Here are the top business stories making the headlines in the morning newspapers.

North Sea platform loses power

Oil workers have been taken off a North Sea platform after it lost power.

Operator TotalEnergies said that, as a precaution, 46 non-essential staff came ashore from the Culzean platform, 140 miles east of Aberdeen.

A further 70 staff have remained on-board.

The firm said there are no concerns for the safety of those on the platform and work is ongoing to restore power, with two specialists and extra equipment deployed to help.

The BBC says the cause of the incident, which occurred at about 8pm on Saturday during a planned production shutdown, is not yet known.

Erosion concern for Aberdeen seawall

Erosion could soon threaten the seawall protecting Aberdeen’s Beach Ballroom, experts have warned.

Specialists brought in to map out the problem areas at the seafront believe the stretch between Footdee and the rock groynes at Queen’s Links are of the “most immediate concern”.

Some parts of the ageing seawall are in “worsening” need of repair and will need replaced.

The Press & Journal says the city has been fighting the lowering of the beach for decades, with the piles of boulders the last intervention in 2006.

New plans to protect the seawall will be drawn up as part of a strategy for the full Aberdeen coastline, from Cove to Blackdog Burn.

Prison for Just Stop Oil protestors

A judge has given heavy sentences to two Just Stop Oil protesters who brought traffic at the Dartford Crossing to a standstill last year.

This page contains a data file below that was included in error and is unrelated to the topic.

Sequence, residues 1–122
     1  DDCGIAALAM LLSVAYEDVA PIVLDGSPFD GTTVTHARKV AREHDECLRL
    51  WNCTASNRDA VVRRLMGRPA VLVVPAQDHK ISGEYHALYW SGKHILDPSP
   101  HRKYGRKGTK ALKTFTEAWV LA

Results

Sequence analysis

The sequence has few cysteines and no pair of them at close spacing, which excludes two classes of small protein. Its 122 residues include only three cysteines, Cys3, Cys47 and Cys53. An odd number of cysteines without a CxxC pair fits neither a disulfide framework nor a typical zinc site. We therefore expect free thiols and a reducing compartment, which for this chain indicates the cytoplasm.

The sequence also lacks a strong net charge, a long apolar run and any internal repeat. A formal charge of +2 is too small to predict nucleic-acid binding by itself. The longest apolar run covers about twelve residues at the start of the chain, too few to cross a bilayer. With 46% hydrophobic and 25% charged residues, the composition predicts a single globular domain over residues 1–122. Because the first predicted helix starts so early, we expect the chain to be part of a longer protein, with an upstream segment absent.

Sentencing Morgan Trowland, 40, to three years in prison and 34-year-old Marcus Decker to two years and seven months, Judge Shane Collery KC said that the pair had to be “punished” for the chaos they caused to deter others from similar disruptive tactics.

Trowland and Decker had used ropes and other climbing equipment to scale the Queen Elizabeth II Bridge, which links the M25 in Essex and Kent.

The Telegraph says their sentences are the heaviest handed out to environmental protesters who have embarked on a campaign of disruption in recent years, targeting roads and oil terminals.

Edinburgh Filmhouse building sold

The building which housed the Edinburgh Filmhouse has been sold for £2.65million.

The cinema in Lothian Road closed in October 2022.

The BBC says the B-listed building has now been sold by adminstrators, who would not confirm the identity of the new owner.

However, it has been reported that the successful bidder is pub operator Caledonian Heritable.

Royal Mail dispute over

Postal union leaders have accepted a below-inflation pay rise after a year-long dispute with Royal Mail.

The Communication Workers Union (CWU) has agreed a 10% pay rise across three years plus a £500 bonus lump sum.

For many of the union’s 115,000 postal workers, the deal is worse than a previously rejected offer of 9% over 18 months.

The Telegraph says the agreement marks a climbdown by union chief Dave Ward after his former deputy Terry Pullinger, who stepped aside last summer, said that the CWU would only accept an “inflation-based, no-strings pay award” in July.

But the CWU said that it had extracted a series of concessions from the Royal Mail board, led by former British Airways and John Lewis executive Keith Williams, in relation to reforms to working practices.

Blue tick badges reinstated

Some Twitter accounts with more than one million followers have had their blue tick badges reinstated by Twitter without paying to subscribe.

Beyoncé, Harry Kane, Richard Osman and Victoria Beckham are among those to have their blue tick back.

Before the platform was bought by Elon Musk, the blue tick was a badge of verification given for free by Twitter.

The BBC says it was originally used as a tool of authentication, designed to help stop fake accounts and the spread of misinformation.

Now it is a symbol that an account has subscribed to a premium service called Twitter Blue - and there is a verification process attached with making the payment.

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